[7th Allotted Day]

Part of Points of Order – in the House of Commons at 11:25 am on 11th January 2019.

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Photo of Mark Francois Mark Francois Conservative, Rayleigh and Wickford 11:25 am, 11th January 2019

Thank you, Mr Speaker, for calling me to speak in this historically important debate. While there are many varying and strongly held views on both sides of the House about the Prime Minister’s proposed deal, all right hon. and hon. Members can agree that the votes we will cast next Tuesday will in all probability be the most important votes that any of us will ever cast in our political lifetime.

On a personal note, I have known my right hon. Friend Sir Nicholas Soames for some 20 years. He and I come at this issue from utterly different perspectives. I was an infantryman and he was a cavalryman, and anyone who would call him a traitor has clearly never met him. In fact, the idea that Churchill’s grandson could be such a thing is clearly ludicrous. I say to anyone who would be foolish enough to repeat that ridiculous assertion that, in the immortal words of our Defence Secretary, they should go away and shut up.

I entered this House some 18 years ago. I made my maiden speech on 4 July 2001, and I spoke against the treaty of Nice on the principle that I might as well start as I mean to go on. While I cannot claim anything like the 40-year record of my hon. Friend Sir William Cash, I can at least say that I have been fairly consistent on European matters stretching back nearly two decades. In 2008, I served as shadow Europe Minister, reporting to the shadow Foreign Secretary, William Hague, when we debated the Lisbon treaty. As his number two, it was my duty to debate much of the hard detail of that 300-page treaty. I remember it well as we spent 40 nights doing it. Despite that extensive debate, night after night, it soon became apparent that the House of Commons could not change so much as a single punctuation mark in the treaty. The Commons had effectively been completely neutered, and it is that experience that finally convinced me that we would one day have to leave the European Union.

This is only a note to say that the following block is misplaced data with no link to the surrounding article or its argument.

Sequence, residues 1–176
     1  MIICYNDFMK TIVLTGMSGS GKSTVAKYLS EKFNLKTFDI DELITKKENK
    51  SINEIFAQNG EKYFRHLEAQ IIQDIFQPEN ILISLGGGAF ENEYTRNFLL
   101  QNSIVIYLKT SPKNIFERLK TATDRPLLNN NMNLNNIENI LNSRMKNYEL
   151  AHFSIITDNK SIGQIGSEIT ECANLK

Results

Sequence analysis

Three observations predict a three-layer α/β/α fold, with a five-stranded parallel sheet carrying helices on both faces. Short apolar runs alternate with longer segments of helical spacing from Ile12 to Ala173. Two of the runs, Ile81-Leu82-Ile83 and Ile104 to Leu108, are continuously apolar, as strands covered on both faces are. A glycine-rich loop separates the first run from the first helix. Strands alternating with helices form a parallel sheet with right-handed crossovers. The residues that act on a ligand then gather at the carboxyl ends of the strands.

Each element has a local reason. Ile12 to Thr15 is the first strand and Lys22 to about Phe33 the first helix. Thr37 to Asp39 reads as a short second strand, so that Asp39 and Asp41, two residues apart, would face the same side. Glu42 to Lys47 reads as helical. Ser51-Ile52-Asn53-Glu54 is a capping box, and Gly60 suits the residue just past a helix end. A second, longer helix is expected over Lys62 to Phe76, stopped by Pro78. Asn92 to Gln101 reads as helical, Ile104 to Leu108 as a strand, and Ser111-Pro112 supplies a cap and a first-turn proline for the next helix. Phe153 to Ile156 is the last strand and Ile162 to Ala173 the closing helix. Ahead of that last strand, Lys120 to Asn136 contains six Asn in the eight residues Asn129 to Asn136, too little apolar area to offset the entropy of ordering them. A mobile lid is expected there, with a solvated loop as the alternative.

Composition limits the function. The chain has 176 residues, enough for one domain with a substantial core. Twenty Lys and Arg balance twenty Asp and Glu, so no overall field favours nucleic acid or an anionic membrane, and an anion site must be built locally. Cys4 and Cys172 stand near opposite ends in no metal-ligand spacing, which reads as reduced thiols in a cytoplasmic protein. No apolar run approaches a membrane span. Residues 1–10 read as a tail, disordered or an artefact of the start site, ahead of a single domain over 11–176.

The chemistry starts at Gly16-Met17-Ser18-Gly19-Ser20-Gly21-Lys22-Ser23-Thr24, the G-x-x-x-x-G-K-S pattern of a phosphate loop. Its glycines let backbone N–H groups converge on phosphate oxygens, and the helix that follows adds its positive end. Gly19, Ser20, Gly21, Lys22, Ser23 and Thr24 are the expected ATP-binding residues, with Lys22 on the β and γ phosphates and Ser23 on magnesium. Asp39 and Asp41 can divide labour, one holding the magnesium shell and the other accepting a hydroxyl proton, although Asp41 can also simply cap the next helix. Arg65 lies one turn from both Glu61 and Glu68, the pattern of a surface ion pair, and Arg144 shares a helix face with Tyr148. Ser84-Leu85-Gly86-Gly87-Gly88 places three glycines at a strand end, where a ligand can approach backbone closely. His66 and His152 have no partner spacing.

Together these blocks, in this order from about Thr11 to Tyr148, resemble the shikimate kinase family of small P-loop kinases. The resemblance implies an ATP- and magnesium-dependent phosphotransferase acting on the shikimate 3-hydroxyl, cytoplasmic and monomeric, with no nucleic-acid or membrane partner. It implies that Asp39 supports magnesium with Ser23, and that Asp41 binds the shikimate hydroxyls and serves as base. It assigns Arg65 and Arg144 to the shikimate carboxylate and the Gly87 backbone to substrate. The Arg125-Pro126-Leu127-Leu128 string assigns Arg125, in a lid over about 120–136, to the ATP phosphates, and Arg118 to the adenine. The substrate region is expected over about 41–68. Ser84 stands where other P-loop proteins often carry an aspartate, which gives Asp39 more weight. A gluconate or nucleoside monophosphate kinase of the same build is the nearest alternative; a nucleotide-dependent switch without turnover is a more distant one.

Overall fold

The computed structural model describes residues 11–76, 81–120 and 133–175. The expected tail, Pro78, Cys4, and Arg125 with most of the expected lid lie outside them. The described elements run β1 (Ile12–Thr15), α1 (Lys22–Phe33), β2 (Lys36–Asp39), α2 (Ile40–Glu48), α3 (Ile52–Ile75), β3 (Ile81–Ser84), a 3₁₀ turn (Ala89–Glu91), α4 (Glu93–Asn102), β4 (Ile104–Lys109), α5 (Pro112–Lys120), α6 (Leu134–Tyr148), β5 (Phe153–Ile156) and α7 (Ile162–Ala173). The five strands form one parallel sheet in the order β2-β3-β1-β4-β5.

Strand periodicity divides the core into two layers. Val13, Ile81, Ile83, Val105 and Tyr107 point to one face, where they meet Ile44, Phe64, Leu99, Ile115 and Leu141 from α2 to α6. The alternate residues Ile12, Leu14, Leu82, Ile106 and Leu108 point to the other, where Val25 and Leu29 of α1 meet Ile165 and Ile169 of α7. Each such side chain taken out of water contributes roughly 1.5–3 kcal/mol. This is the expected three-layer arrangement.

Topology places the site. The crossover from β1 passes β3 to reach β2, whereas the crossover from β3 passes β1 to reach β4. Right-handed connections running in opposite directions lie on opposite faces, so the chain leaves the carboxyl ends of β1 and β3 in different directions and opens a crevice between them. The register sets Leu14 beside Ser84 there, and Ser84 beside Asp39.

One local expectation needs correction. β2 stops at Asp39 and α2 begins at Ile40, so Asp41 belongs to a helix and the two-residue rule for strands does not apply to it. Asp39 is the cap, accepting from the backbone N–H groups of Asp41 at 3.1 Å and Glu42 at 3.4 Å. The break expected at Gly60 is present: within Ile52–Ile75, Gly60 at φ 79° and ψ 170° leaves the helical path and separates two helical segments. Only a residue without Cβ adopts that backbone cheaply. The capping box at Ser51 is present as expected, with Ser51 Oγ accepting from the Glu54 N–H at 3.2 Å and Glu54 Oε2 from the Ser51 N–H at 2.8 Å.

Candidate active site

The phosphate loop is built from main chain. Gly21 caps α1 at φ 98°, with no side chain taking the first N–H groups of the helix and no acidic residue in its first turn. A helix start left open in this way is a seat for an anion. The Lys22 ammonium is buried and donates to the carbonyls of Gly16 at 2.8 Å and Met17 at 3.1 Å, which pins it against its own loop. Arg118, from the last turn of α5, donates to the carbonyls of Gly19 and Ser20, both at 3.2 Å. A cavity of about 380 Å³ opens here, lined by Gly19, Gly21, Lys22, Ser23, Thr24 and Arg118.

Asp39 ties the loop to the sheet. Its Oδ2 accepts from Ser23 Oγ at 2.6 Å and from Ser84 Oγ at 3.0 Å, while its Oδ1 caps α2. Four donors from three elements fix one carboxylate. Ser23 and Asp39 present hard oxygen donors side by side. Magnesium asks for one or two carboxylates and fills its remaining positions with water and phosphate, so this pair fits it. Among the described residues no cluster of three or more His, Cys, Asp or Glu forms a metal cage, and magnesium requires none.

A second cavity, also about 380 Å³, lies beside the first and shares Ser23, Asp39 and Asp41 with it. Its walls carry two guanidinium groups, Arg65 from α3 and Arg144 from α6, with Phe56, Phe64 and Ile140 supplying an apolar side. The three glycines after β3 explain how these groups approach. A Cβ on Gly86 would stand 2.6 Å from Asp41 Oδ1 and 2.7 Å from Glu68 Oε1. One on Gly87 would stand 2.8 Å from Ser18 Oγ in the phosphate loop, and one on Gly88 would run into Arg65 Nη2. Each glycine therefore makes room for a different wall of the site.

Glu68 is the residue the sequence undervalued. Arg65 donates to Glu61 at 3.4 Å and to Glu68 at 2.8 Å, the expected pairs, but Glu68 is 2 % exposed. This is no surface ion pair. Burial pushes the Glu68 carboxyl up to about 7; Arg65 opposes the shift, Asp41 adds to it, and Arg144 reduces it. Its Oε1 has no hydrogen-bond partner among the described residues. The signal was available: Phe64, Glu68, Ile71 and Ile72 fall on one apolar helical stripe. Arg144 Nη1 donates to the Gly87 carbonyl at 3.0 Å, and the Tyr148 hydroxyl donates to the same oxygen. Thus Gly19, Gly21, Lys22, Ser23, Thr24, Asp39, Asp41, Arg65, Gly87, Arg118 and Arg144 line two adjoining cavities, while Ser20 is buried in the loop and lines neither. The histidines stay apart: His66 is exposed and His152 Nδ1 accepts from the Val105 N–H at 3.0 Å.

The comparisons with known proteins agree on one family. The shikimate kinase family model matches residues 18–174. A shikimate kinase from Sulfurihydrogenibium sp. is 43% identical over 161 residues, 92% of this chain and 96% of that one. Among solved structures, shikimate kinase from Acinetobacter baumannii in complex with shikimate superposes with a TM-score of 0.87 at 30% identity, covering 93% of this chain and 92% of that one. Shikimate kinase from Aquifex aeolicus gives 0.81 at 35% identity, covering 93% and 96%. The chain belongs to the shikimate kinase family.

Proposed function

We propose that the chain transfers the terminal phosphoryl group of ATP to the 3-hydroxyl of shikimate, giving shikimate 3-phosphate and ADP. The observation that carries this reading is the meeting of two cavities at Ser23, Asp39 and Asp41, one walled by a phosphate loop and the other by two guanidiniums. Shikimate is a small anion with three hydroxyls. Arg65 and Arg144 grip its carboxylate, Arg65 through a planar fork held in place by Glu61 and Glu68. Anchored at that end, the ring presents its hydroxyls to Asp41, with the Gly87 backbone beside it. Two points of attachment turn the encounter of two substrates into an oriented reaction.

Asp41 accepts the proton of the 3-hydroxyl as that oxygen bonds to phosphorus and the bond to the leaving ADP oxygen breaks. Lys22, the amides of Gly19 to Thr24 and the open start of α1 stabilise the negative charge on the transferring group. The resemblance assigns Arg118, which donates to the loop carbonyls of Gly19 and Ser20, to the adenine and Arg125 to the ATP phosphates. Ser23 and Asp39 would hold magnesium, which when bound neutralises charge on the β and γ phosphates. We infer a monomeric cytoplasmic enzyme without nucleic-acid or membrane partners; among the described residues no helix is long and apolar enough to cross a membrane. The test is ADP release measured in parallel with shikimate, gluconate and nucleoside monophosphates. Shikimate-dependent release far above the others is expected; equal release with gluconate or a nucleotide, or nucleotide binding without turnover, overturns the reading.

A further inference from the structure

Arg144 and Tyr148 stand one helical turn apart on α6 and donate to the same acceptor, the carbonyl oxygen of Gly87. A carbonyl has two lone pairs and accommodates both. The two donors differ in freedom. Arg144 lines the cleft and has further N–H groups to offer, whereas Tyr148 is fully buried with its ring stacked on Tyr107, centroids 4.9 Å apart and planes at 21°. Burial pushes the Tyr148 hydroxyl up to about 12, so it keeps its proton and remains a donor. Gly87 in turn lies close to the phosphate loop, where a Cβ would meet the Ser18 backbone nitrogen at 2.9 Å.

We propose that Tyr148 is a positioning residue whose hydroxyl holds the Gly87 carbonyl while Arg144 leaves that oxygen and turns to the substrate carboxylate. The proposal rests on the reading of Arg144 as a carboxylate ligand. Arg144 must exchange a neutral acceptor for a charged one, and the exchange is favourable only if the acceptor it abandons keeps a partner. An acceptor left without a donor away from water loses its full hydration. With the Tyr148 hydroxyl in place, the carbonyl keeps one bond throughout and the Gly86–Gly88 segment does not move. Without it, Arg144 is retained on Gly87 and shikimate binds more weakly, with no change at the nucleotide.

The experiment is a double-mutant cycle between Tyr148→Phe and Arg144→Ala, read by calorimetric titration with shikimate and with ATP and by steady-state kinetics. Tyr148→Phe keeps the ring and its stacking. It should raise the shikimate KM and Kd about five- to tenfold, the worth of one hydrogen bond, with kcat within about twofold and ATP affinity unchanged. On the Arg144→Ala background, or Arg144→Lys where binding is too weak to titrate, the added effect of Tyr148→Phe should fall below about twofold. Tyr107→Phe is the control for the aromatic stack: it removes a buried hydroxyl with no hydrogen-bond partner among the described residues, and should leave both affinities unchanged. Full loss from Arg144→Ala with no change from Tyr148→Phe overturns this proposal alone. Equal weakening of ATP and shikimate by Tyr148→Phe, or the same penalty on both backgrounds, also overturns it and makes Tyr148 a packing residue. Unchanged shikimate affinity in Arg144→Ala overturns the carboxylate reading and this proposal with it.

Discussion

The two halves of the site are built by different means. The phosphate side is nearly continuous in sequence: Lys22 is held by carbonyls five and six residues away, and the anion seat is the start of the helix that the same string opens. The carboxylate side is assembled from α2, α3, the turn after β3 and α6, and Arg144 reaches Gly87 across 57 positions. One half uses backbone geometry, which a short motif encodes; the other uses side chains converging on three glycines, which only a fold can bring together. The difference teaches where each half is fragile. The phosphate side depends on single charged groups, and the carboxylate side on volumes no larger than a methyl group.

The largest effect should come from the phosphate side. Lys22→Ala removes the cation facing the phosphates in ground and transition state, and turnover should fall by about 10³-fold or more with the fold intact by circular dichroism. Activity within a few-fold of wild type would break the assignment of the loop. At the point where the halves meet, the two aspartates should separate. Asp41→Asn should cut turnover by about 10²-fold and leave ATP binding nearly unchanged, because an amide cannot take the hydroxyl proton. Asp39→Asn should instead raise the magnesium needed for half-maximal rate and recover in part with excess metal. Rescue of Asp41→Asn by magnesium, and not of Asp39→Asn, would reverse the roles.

Next Tuesday, we will be voting on two documents. The first is the political declaration. It is full of warm words but, as we are all aware, it is completely meaningless legally and has no force whatsoever in international law. It is the equivalent of, “I promise I will respect you in the morning,” but it is in no way enforceable. In stark contrast, the withdrawal agreement is a 585-page draft international treaty which, if this House were to approve it, would become binding on this country in international law. I read the Lisbon treaty cover to cover, and I can assure the House that I have read the withdrawal agreement, too. Having done so, and knowing what is in it, I am utterly determined to vote against it, so I will briefly explain why.

First, we will not take back control of our money. Under the proposed agreement, the UK has agreed to pay the EU approximately £39 billion. The methodology for this is laid out in part 5 of the agreement, on financial provisions, specifically articles 133 to 157. In short, we will pay that £39 billion without any guarantees in return. With this country having just been through a period of considerable austerity I cannot justify to my constituents paying such a huge sum of money without at least some binding guarantees about the nature of the future relationship we would get in return. This is all in stark contrast to Margaret Thatcher at Fontainebleau in 1984, when rather than give up £39 billion for nothing, she famously said, “I want my money back”. And she got it when she won the so-called British rebate, which has saved this country tens of billions of pounds ever since. Would that we had negotiated with equal resolve in this instance!

Secondly, we are not taking back control of our laws. Under the draft agreement, the UK would remain bound by EU laws in several critical areas, such as social policy, employment policy, environmental policy and customs. We would effectively become a rule taker, which means we would have to continue to obey EU laws in these areas, having surrendered any influence over how they are drafted.

Thirdly, we could be locked into a customs union without the ability to leave. This is the so-called Irish backstop, contained in the Ireland-Northern Ireland protocol on pages 301 to 475 of the agreement. In short, if we enter the backstop, we enter a customs union, despite having clearly pledged in our manifesto not to do so, and that would materially constrain our ability to sign international trade deals with other countries, including the United States, our single largest trading partner in the world.

Moreover, as the Attorney General’s legal advice has made crystal clear, having entered the backstop, we could leave only with the consent of the EU. This has often been referred to in the House as the “Hotel California” dilemma—in other words, you can check out, but you can never leave.